Your Committee, however, are happy to find that a principle of the progressive sale of these lands has already been sanctioned by an Act of the British Parliament. They cannot avoid recommending in the strongest manner the propriety of securing for the future any provision which may be deemed necessary for the religious wants of the community in those Provinces, by other means than by a reservation of one-seventh of the land, according to the enactment of the Act of 1791. They would also observe that equal objections exist to the reservation of that seventh, which in practice appears to be reserved for the benefit of the Crown; and doubtless the time must arrive when these reserved lands will have acquired a considerable value from the circumstance of their being surrounded by settled districts, but that value will have been acquired at the expense of the real interest of this Province, and will operate to retard that course of general improvement which is the true source of national wealth. Your Committee are of opinion therefore, that it may be well for the Government to consider whether these lands cannot be permanently alienated, subject to some fixed moderated reserve payment, (either in money or in grain, as may be demanded,) to arise after the first 10 or 15 years of occupation. They are not prepared to do more than offer this suggestion, which appears to them to be worthy of more careful investigation than it is in their power to give to it; but in this or in some such mode they are fully persuaded the lands thus reserved ought without delay to be permanently disposed of.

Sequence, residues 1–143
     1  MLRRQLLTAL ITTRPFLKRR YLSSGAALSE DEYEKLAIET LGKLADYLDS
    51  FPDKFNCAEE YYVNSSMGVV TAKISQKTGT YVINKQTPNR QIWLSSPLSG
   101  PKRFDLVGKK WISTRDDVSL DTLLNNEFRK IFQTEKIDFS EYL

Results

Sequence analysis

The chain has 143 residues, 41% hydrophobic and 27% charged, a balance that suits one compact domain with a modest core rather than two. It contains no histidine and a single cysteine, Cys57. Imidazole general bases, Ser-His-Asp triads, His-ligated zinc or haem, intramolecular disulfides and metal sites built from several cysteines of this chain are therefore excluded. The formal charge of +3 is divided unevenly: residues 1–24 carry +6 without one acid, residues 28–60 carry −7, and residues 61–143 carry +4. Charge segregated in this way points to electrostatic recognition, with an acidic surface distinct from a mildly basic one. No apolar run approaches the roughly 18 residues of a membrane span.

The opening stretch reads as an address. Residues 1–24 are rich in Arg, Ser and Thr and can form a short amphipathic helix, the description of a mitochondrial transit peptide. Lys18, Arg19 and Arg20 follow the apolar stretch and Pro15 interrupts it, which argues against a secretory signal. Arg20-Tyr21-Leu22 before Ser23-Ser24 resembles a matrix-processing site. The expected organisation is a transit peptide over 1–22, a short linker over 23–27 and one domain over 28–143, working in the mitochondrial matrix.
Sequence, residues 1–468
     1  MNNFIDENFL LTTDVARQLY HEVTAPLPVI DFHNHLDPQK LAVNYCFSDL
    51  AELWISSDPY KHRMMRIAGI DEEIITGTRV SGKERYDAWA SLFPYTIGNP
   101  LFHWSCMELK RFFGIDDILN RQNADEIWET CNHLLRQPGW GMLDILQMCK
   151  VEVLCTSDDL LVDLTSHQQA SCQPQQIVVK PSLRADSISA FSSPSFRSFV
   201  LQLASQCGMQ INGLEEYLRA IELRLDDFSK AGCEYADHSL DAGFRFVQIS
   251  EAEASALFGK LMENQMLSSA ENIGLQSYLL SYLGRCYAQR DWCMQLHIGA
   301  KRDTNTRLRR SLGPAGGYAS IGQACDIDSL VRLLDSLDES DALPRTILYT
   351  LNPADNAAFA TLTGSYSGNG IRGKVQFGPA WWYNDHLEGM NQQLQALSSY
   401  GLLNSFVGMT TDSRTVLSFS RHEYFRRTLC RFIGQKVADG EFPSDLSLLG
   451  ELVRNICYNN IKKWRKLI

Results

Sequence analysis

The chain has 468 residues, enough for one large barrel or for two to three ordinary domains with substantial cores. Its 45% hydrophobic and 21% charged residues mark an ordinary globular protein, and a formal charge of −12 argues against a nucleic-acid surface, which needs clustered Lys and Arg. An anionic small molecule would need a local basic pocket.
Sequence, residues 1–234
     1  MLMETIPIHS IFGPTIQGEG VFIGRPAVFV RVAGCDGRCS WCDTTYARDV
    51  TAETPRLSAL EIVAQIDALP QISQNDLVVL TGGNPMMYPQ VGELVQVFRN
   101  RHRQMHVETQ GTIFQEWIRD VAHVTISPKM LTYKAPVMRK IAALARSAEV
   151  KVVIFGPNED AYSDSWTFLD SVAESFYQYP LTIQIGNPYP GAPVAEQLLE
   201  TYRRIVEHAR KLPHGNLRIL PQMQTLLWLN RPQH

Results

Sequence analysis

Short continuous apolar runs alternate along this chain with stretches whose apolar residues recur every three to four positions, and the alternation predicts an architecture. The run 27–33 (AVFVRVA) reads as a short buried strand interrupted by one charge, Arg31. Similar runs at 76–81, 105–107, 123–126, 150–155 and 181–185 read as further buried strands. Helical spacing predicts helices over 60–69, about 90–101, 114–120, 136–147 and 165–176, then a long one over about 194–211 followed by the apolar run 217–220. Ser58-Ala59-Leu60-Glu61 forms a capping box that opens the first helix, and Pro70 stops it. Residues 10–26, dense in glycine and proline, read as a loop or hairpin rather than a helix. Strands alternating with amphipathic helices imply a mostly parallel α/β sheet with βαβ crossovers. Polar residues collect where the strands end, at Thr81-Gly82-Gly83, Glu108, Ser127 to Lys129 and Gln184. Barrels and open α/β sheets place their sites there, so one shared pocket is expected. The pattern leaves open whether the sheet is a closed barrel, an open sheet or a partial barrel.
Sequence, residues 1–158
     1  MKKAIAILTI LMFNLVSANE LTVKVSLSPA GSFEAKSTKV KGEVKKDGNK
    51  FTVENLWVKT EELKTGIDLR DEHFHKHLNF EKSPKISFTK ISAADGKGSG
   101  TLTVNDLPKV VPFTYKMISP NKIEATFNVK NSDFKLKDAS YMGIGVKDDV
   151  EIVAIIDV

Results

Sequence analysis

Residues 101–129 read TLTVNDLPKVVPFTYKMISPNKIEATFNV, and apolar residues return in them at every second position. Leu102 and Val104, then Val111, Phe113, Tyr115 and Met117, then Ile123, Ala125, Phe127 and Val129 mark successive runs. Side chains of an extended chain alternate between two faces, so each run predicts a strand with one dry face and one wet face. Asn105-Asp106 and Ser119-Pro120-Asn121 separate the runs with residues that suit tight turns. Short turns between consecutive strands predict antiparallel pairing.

To a property at once so large and so unproductive, it appears that there are numerous claimants.

The Act of 1791 directs that the profits arising from this source shall be applied to a Protestant Clergy; doubts have arisen whether the Act requires the Government to confine them to the use of the Church of England only, or to allow the Church of Scotland to participate in them. The law officers of the Crown have given an opinion in favour of the rights of the Church of Scotland to such participation, in which Your Committee entirely concur; but the question has also been raised, whether the clergy of every denomination of Christians, except Roman Catholics, may not be included; it is not for your Committee to express an opinion on the exact meaning which the words of the Act legally convey. They entertain no doubt, however, that the intention of those persons who brought forward the measure in Parliament was to endow with parsonage houses and glebe lands the clergy of the Church of England, at the discretion of the local Government; but with respect to the distribution of the proceeds of the reserved lands generally, they are of the opinion that they sought to reserve to the Government the right to apply the money, if they so thought fit, to any Protestant Clergy.

The Committee see little reason to hope that the annual income to be derived from this source is likely, within any time to which they can look forward, to amount to a sufficient sum to provide for the Protestant Clergy of these Provinces; but they venture to press the early consideration of this subject on His Majesty's Government, with a view to an adjustment that may be satisfactory of the Province, of the principle on which the proceeds from these lands are hereafter to be applied; and in deciding on the just and prudent application of these funds, the Government will necessarily be influenced by the state of the population, as to the religious opinions, at the period when the decision is to be taken. At present it is certain that the adherents of the Church of England constitute but a small minority in the Province of Upper Canada. On the part of the Scotch Church, claims have been strongly urged on account of its establishment in the empire, and from the numbers of its adherents in the Province. With regard to the other religious sects, the Committee have found much difficulty in ascertaining the exact numerical proportions which they bear one to the other; but the evidence has led them to believe, that neither the adherents of the Church of England nor those of the Church of Scotland form the most numerous religious body within the Province of Upper Canada.